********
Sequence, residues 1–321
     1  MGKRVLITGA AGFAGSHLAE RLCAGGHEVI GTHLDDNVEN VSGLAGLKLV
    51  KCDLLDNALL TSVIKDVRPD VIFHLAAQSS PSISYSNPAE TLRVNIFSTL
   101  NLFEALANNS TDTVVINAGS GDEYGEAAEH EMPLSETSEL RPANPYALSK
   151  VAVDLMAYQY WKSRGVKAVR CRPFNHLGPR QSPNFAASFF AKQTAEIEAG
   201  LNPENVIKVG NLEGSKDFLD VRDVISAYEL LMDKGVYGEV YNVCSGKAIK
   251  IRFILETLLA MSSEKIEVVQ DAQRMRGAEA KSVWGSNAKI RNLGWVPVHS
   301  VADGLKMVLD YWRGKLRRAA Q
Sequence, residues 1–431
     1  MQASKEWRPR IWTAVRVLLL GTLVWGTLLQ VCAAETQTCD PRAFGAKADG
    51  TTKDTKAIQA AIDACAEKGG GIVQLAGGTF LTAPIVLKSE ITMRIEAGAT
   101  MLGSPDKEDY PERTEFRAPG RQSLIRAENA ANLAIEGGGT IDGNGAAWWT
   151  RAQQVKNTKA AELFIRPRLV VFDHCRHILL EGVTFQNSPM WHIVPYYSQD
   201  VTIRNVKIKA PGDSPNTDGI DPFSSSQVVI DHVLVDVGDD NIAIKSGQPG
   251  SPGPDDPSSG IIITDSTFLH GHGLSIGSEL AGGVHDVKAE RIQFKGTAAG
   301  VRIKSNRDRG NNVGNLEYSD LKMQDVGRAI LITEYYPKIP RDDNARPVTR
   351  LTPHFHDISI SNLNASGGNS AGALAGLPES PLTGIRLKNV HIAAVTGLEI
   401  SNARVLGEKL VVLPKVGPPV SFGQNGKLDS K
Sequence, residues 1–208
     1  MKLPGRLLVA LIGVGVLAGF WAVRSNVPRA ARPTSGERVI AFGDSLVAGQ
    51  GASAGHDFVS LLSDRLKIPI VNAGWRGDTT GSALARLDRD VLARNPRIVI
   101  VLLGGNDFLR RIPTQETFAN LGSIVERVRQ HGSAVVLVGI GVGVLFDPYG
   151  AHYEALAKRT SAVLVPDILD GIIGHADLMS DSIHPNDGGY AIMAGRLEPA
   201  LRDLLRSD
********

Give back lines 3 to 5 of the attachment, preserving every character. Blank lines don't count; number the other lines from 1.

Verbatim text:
    51  KCDLLDNALL TSVIKDVRPD VIFHLAAQSS PSISYSNPAE TLRVNIFSTL
   101  NLFEALANNS TDTVVINAGS GDEYGEAAEH EMPLSETSEL RPANPYALSK
   151  VAVDLMAYQY WKSRGVKAVR CRPFNHLGPR QSPNFAASFF AKQTAEIEAG